To help to ensure the high standard of
care that we offer, we have developed
a very strong rapport with the local
surgery. As a trained nurse, I am able
to respond quickly to less-serious
infections and help to nip problems in
the bud. This knowledge has meant
that we have trusting relationships
with local GPs, who often strike
up personal relationships with our
residents as they visit.
We regularly train our employees
in-house, and the importance of this
cannot be overstated. We have placed
the traditional values of dignity and
respect at the heart of our business
structure, and our person-centred
care significantly enhances our
residents’ quality of life. Our users
are given as much independence as
possible, and friends and family are
We have set up a state-of-the-art
nurse care system, and we regularly
carry out evaluation courses, which
we must complete every three years.
Residents are encouraged to use the
centre’s facilities as if it were their
own home, and we are committed
to our duty of care. Staff training
is ongoing, and we hold quarterly
supervisions to ensure that all staff
are trained to spot any change in a
resident’s behaviour.
Circumventing recruitment
One of the main challenges we face
is staff recruitment, although we have
taken steps to reduce this burden. By
embracing online recruitment tools
and subcontracting this initial process
to a recruitment firm, we are able
to cast our net far wider than we
were previously able. This allows us
to find more potential recruits while
still making sure that they are up to
standard: they are extensively vetted
and DBS checked, and they shadow
employees when they first arrive. Our
excellent level of employee satisfaction
has also meant that we have a high
rate of staff retention, which has
reduced the impact of any recruitment
issues we may face.
Looking forward, we must ensure
that we remain compliant with any
changes to regulations or training
requirements. We will continue to
adapt to any changes that the CQC or
other related bodies make. We want
to keep our homely atmosphere and
the close relationships between staff
and residents, but these must go along
with ensuring that training isongoing.
We choose
our employees
with their
sociability in
mind while
ensuring that
they are able
to provide the
standard of
The dining room

This article was sponsored by Tower House Residential Home. The Parliamentary Review is wholly funded by the representatives who write for it. The publication in which this article originally appeared contained the following foreword from Rt Hon Kwasi Kwarteng.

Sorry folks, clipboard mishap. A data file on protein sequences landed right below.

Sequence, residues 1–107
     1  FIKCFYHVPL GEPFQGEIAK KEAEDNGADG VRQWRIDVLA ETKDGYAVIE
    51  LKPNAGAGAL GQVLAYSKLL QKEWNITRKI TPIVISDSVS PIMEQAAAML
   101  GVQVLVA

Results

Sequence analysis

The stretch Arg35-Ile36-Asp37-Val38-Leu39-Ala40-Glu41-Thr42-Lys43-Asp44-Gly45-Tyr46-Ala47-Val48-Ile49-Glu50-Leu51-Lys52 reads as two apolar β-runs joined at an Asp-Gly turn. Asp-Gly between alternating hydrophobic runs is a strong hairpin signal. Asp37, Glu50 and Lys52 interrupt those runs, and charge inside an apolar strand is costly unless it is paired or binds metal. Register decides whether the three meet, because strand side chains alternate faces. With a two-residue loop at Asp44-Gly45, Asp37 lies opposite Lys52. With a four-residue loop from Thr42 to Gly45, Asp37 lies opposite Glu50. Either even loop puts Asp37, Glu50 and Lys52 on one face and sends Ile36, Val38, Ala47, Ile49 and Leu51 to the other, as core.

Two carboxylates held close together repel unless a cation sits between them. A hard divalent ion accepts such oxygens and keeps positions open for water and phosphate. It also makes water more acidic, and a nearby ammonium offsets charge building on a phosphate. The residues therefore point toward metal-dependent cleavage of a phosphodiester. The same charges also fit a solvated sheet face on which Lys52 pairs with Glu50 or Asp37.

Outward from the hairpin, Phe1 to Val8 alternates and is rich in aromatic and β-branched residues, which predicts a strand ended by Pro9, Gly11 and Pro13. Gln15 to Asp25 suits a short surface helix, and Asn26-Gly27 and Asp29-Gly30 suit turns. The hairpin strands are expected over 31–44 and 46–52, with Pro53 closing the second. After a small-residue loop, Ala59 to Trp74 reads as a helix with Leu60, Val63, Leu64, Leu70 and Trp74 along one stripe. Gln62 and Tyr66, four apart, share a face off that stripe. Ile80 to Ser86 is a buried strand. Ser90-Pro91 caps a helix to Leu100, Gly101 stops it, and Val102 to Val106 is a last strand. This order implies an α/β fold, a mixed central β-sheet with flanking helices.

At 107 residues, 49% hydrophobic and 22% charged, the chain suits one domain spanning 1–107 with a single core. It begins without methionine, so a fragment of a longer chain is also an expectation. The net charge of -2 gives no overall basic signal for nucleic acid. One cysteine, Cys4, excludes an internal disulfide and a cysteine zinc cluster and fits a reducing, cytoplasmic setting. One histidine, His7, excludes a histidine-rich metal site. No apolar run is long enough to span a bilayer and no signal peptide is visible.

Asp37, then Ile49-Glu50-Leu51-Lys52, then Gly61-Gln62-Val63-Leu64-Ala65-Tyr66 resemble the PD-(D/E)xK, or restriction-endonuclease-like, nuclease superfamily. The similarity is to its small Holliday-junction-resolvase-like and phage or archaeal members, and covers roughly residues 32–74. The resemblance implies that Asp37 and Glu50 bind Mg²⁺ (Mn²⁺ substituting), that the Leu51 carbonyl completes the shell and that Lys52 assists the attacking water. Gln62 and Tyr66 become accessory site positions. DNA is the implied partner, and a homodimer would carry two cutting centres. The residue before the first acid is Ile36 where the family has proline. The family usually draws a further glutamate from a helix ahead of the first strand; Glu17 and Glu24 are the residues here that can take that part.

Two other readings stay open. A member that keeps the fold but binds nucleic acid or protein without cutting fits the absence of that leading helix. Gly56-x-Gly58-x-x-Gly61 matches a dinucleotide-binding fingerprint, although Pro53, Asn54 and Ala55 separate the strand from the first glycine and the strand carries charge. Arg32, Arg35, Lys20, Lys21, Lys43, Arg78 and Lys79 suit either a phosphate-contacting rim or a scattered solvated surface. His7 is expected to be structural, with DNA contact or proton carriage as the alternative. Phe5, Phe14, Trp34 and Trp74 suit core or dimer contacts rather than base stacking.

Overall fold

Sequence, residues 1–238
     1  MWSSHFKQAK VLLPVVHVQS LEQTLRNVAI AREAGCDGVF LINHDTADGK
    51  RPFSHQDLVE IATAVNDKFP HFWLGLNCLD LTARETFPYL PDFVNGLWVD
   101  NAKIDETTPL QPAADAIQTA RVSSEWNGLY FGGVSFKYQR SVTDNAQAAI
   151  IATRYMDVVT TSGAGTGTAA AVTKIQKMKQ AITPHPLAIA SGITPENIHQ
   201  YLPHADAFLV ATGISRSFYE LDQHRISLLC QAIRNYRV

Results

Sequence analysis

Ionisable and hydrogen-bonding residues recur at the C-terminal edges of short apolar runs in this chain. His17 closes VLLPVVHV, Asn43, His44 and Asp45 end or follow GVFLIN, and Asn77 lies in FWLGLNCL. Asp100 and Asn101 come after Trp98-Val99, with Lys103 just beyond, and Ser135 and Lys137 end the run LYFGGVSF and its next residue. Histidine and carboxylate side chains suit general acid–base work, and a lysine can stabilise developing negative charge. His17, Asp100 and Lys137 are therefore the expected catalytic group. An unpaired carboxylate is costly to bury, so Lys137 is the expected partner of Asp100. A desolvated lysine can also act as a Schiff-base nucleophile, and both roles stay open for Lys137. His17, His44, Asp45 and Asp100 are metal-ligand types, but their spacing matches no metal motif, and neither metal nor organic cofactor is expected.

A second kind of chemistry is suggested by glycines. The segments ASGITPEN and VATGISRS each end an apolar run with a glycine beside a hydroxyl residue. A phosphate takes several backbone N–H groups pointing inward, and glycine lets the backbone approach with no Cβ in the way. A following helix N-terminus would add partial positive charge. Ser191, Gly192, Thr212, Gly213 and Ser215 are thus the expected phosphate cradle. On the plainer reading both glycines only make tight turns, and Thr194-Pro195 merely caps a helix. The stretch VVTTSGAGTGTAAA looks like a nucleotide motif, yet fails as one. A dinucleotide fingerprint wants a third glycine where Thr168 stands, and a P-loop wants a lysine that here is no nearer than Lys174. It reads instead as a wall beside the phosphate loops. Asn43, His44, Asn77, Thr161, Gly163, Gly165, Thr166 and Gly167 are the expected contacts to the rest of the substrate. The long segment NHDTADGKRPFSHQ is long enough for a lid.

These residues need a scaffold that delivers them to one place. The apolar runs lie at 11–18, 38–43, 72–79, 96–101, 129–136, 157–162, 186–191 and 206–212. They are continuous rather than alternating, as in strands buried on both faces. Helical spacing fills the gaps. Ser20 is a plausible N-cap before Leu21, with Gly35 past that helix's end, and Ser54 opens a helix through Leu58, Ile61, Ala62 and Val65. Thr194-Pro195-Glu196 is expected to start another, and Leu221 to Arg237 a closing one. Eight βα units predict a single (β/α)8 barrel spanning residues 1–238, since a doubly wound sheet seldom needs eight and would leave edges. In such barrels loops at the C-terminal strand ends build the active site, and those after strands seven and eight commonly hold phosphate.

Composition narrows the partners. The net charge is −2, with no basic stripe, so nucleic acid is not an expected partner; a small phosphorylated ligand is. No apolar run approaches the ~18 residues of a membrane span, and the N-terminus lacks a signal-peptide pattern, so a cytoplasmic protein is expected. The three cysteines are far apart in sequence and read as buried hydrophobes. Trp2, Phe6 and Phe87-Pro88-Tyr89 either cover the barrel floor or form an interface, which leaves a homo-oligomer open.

Rt Hon Kwasi Kwarteng's Foreword For The Parliamentary Review

By Rt Hon Kwasi Kwarteng

This year’s Parliamentary Review reflects on a tumultuous and extraordinary year, globally and nationally. As well as being an MP, I am a keen student of history, and I am conscious that 2020 would mark the end of an era. It will be remembered as the year in which we concluded Brexit negotiations and finally left the European Union. Above all, it will be remembered as the year of Covid-19.

In our fight against the pandemic, I am delighted that our vaccination programme is beginning to turn the tide – and I pay tribute to the British businesses, scientists and all those who have helped us to achieve this. But the virus has dealt enormous damage, and we now have a duty to rebuild our economy.

We must ensure that businesses are protected. We have made more than £350 billion available to that end, with grants, business rates relief and our furlough scheme supporting more than 11 million people and jobs in every corner of the country, maintaining livelihoods while easing the pressure on employers. The next step is to work with business to build back better and greener, putting the net zero carbon challenge at the heart of our recovery. This is a complex undertaking, but one which I hope will be recognised as a once in a lifetime opportunity.

Through the prime minister’s ten point plan for a green industrial revolution, we can level up every region of the UK, supporting 250,000 green jobs while we accelerate our progress towards net zero carbon emissions.

With our commitment to raise R&D spending to 2.4% of GDP and the creation of the Advanced Research & Invention Agency, we are empowering our fantastic researchers to take on groundbreaking research, delivering funding with flexibility and speed. With this approach, innovators will be able to work with our traditional industrial heartlands to explore new technologies, and design and manufacture the products on which the future will be built – ready for export around the globe.

And I believe trade will flourish. We are a leading nation in the fight against climate change. As the host of COP26 this year, we have an incredible opportunity to market our low-carbon products and expertise. Our departure from the EU gives us the chance to be a champion of truly global free trade; we have already signed trade deals with more than 60 countries around the world.

As we turn the page and leave 2020 behind, I am excited about the new chapter which Britain is now writing for itself, and for the opportunities which lie ahead of us.
Rt Hon Kwasi Kwarteng
Secretary of State for Business, Energy and Industrial Strategy